- Crayons or markers
- Hole punch
Cut the paper into a rectangle; you can make it any size you like.
Fold it in thirds lengthwise and crosswise, and then open it back up.
Trim off the corners as shown and decorate with crayons or markers.
Many of the Plains Indians used geometric shapes, such as triangles, diamonds, and lines -- and triangles are traditional with the Nez Perce.
Fold it along the creases.
Punch two holes on each end, thread the yarn through the holes, and tie it closed.
Make Your Own Shield
You can make your own special shield to hang on the wall of your room. You will need these materials:
- 2 paper plates
- Colorful crepe paper streamers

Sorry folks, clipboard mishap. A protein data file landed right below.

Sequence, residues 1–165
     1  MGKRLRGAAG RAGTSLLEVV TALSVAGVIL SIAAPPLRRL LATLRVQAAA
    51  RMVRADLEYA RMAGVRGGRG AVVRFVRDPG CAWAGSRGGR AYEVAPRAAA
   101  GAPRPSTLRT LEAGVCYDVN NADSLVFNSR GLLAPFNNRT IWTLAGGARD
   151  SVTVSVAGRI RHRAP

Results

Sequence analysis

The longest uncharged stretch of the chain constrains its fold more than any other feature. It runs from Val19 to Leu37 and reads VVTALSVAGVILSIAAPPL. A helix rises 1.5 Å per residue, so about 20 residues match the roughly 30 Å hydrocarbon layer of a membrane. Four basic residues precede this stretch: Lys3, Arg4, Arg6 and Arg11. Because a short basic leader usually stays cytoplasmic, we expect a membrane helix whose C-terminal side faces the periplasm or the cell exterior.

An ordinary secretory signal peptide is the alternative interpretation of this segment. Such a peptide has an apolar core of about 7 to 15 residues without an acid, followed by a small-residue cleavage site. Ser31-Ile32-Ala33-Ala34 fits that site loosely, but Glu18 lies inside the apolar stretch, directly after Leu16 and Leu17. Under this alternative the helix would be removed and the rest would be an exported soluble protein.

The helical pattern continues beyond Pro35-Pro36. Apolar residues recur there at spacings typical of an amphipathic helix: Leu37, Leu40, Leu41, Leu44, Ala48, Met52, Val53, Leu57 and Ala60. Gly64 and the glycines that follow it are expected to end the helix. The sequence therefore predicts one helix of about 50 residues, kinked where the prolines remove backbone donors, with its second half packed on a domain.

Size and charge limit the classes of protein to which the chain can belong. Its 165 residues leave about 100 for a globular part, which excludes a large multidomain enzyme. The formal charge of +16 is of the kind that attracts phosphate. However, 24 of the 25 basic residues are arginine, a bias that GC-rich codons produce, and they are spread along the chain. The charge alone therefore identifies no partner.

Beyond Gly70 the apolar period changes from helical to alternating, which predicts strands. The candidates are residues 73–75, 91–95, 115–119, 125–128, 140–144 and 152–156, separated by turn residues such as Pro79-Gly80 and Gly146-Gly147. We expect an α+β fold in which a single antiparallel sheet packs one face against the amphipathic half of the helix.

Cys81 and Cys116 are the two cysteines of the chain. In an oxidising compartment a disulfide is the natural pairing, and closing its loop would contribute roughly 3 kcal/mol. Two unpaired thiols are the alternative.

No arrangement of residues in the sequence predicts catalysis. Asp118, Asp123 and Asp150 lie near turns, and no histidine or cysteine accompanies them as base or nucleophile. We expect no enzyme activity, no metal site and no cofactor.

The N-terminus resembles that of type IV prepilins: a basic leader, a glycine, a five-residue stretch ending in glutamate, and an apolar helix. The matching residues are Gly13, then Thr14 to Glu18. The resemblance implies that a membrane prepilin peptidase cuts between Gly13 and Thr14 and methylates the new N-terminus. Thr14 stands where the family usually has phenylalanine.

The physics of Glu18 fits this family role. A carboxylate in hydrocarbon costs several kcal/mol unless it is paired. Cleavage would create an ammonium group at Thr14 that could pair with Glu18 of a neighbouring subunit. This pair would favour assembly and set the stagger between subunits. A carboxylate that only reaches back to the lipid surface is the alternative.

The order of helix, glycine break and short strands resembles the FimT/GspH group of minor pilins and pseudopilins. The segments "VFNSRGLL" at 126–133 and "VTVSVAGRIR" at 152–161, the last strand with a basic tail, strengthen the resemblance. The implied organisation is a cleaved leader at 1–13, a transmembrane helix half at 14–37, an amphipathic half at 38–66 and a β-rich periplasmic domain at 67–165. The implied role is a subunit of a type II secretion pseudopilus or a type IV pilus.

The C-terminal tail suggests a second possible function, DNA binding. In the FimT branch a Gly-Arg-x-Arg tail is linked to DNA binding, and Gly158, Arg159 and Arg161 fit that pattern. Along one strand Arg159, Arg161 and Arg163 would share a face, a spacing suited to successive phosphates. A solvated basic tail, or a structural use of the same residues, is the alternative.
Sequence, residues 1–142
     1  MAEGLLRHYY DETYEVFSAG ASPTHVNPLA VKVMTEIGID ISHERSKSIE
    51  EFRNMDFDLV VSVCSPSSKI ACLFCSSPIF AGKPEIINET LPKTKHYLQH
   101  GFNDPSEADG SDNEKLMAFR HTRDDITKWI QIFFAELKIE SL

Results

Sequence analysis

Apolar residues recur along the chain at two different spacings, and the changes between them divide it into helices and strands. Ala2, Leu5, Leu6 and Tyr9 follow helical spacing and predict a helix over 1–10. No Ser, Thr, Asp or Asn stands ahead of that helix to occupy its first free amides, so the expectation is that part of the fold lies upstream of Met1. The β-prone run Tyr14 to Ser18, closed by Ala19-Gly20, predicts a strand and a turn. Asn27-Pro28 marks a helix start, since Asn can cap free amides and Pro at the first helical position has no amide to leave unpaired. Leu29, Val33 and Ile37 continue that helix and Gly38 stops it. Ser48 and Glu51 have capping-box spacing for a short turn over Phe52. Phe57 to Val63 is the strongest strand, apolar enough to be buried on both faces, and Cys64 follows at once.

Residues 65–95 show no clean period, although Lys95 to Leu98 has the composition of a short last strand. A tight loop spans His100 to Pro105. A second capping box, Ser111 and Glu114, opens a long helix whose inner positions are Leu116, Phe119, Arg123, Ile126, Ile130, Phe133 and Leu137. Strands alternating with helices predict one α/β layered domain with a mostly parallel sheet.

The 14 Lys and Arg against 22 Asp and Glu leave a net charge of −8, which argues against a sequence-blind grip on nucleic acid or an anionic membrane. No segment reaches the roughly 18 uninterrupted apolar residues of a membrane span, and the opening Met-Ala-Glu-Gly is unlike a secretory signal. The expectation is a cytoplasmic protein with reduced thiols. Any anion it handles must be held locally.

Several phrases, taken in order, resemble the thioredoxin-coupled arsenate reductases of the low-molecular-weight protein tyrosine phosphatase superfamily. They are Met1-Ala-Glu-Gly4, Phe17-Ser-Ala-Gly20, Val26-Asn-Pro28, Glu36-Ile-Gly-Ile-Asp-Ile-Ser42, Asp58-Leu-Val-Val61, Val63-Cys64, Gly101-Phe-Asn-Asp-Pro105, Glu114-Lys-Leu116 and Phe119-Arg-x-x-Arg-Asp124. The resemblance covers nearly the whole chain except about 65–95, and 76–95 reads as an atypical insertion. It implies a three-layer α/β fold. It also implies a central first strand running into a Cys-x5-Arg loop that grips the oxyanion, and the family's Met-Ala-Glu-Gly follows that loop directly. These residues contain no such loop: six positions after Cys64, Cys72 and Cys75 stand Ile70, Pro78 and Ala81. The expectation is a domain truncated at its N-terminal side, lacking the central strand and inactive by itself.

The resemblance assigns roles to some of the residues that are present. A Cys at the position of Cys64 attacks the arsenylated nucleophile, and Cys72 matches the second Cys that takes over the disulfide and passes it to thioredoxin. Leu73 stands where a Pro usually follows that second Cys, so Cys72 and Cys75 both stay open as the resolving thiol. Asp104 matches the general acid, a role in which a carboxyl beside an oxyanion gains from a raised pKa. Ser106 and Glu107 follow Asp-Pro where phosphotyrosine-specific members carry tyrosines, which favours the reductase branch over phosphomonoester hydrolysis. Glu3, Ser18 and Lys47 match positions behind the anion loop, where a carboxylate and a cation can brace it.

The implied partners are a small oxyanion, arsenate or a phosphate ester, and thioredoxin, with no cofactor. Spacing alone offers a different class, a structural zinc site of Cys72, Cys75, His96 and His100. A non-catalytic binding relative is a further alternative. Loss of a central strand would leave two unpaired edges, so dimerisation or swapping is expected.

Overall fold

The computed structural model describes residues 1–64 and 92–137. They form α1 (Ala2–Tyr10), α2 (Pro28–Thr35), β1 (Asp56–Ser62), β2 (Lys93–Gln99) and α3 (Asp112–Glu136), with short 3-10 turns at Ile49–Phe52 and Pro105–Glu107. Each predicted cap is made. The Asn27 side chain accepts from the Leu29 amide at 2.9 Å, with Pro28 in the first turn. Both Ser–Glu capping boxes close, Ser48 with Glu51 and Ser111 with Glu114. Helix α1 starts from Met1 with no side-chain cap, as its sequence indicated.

- Colored paper scraps for feathers
- Markers, crayons, or paints
Cut out a strip 2 inches wide from one plate for the handle. If you use the good "Chinet" plates your shield will be better quality.
Decorate the second plate with bright colors in a design that you like -- put the main decoration on the bottom of the plate, because it will be the front of the shield.
Staple the handle to the back of the decorated plate, at the sides.
Staple on a few paper streamers and feathers cut out from colored paper.
You can add yarn tassels, real or fake feathers, strips of fur, ribbons, or other decorations to suit you.
Make Your Own Canoe
You can make your own toy canoe with the following materials:
- 2 thin styrofoam trays (from meat or bakery products) or thin cardboard
- Yarn, 2 feet long
- Hole punch or a large nail
Draw canoe shapes onto each of the clean foam trays. Cut them out. Punch holes around the bottom and side edges of both pieces.
Put a little piece of scotch tape around one end of the yard (kind of like the aglet on the end of a shoestring) so that it won't unravel while you push it through the holes.